Home Mathematics Modeling mathematical ideas: developing strategic competence in elementary and middle school
PROMOTING THE TWENTY-FIRST-CENTURY SKILLS
The traffic-jam problem clearly gives the students an opportunity to engage in communication, collaboration, critical thinking, and creative problem solving, the four pillars of twenty-first-century skills. The problem allowed the students to begin the work they were assigned without any bias or opinions about what is or is not expected from the task. The misconceptions and misrepresentation that arose in the process helped them to get a better insight. Such student insights often open up new problem-solving strategies or even questions overlooked by the teacher.
The process of mathematical modeling provided students with opportunities to develop their twenty-first-century skills (P21) Learning and Innovation Skills which emphasize the 4 Cs: communication, collaboration, creativity, and critical thinking (see Table 3.1).
Mathematical modeling challenges students to use their mathematics communication as they collaborate on a problem. Students also use creative problem solving and critical thinking as they work to identify variables and make assumptions to build a mathematical model. In one of our STEM lesson studies, we had students designing a package that was environmentally friendly (Suh, Seshaiyer, Moore, Green, Jewell, & Rice, 2013).
In the project, Being an Environmentally Friendly Package Engineer, students were given objects for which they needed to design a package. They were given a large
Table 3.1 Twenty-first-century skills (Partnership for 21st Century Skills, 2011)
graph paper to create a prototype. One group created a “4 x 4 x 4” cube and then realized that they had a lot of wasted space. The student decided to redesign the package into a “4 x 4 x 2” rectangular prism in order to use more space, to be cost-efficient, and more eco-friendly (see Figure 3.8). To evaluate their design, students were asked to calculate the volume for their packages and the surface area.
The design phase involved an iterative cycle. Students created their prototype after discussion and then altered and modified the design based on the following factors: efficiency of space, economical, eco-friendly, or appealing design. An evaluation criterion was to decide which packaging design was most efficient. Students had to negotiate as they collaborated on their design. In the 5/6 upper-grade classrooms, we were able to provide the same scenario to explore packages but added more creative designs including cylinders and triangular prisms.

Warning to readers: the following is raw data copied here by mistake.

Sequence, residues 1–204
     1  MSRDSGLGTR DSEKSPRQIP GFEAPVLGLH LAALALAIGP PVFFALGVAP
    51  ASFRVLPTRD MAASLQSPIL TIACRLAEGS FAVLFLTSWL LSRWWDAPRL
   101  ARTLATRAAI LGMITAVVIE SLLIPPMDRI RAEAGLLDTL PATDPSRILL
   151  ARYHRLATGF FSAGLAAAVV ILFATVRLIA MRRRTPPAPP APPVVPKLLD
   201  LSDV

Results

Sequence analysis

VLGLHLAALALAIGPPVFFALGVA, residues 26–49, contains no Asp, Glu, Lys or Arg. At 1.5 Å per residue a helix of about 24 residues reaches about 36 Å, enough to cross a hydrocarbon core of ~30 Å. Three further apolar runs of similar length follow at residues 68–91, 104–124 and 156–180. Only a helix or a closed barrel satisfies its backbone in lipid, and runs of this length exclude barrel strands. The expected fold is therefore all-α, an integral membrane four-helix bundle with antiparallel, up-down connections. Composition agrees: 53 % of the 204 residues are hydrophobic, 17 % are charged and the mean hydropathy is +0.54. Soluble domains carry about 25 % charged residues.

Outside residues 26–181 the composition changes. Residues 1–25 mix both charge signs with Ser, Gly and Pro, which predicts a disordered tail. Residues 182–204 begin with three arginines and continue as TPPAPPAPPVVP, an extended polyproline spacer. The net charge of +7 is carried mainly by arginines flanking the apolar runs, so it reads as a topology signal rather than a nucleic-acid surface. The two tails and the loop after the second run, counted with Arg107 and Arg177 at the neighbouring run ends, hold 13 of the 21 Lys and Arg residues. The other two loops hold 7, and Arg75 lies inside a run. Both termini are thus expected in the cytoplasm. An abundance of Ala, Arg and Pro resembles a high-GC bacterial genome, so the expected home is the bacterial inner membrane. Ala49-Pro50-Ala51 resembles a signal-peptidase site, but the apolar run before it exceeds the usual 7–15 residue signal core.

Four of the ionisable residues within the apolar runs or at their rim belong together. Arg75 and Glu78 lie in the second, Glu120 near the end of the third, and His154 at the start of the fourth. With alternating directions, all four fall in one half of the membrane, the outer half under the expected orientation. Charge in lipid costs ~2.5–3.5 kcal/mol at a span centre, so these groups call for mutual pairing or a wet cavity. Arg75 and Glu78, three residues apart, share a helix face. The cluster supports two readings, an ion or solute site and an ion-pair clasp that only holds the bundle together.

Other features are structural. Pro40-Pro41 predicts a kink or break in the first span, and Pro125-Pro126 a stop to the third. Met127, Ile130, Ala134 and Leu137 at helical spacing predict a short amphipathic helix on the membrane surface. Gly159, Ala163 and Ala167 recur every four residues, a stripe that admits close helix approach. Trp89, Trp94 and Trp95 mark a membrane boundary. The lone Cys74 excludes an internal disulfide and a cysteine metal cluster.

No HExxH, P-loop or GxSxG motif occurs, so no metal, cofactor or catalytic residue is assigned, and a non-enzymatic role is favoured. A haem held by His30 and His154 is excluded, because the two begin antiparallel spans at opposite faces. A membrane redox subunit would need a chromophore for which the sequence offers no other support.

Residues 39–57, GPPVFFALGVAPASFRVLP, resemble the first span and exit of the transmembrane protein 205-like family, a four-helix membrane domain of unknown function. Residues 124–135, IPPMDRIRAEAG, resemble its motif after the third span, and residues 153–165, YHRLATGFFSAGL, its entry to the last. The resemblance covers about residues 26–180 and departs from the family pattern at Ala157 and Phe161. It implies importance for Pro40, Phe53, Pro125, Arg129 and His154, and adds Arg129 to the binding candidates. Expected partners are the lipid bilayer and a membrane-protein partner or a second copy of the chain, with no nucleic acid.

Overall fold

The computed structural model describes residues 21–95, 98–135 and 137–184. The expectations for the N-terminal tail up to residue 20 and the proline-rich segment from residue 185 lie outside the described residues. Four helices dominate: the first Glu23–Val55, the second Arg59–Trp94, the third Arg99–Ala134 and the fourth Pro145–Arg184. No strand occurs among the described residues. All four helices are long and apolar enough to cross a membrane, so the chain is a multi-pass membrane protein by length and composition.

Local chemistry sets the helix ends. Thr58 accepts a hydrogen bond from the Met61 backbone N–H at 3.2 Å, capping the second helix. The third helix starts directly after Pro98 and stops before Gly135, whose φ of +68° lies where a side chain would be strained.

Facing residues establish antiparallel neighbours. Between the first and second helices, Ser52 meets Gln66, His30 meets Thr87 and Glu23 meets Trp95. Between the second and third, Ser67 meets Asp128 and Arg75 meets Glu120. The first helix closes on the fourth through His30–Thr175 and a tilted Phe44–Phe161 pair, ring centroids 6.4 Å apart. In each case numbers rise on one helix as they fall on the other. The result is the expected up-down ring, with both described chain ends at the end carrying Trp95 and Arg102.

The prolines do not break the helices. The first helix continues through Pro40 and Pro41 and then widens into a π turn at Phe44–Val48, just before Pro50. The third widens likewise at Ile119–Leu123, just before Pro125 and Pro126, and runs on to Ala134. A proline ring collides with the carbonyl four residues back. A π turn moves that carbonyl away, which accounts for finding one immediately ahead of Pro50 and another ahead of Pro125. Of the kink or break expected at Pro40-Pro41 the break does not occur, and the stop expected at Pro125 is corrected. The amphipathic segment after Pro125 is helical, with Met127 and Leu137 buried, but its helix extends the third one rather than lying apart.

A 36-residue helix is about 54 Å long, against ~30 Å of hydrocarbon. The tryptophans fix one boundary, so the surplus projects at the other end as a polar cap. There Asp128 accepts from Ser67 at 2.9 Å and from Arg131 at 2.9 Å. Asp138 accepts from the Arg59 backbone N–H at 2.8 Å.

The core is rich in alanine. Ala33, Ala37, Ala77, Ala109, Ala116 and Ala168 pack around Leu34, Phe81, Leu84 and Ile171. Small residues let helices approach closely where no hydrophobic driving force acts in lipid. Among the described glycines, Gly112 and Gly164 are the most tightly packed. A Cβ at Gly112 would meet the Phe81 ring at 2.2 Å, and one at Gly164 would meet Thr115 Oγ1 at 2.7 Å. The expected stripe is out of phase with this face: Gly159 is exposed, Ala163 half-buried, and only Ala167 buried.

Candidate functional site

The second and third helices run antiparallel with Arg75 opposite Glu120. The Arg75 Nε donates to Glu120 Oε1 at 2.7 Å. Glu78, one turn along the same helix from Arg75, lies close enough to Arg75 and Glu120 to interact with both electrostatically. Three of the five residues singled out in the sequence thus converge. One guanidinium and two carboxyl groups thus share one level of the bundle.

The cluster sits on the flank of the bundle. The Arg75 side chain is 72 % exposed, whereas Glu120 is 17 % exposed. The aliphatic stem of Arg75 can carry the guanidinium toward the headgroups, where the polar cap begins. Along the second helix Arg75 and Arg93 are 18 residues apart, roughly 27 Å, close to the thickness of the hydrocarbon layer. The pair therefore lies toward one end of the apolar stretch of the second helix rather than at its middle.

An interesting discussion that the class had was to think about what determines the best packaging container. If you want a package for something without a particular shape of its own, and minimize the amount of packaging material used, a sphere is the most efficient because it has the lowest surface-to-volume ratio of any geometric solid. In addition, round containers are generally used for any application requiring great strength. However, if all the packages were spheres like a soccer ball, packing multiple sphere packages would create empty space between containers. So if you are trying to pack something into multiple containers, the sphere is not the most efficient shape. Instead, a rectangular prism or cube might be the most efficient. This was a
Table 3.2 Prompts for students to self-assess and peer-assess after a problem-solving task
great discussion to have about why most real-world packaging is box-shaped rather than spherical.
Assessing student skills and knowledge is essential to guide learning and provide feedback to both students and teachers on how well they are doing in reaching desired twenty-first-century learning goals (Trilling & Fadel, 2009). Some of the ways to assess students’ twenty-first-century skills are to use a simple assessment rubric (see Table 3.2). Self-assessing one’s own contribution to group projects can help develop students’ self-monitoring skills and accountability in group collaboration.
Figure 3.8 The packaging iterative design phases.
Think about it!
How does the mathematical modeling process prepare our students to be creative problem solvers for the 21st century?
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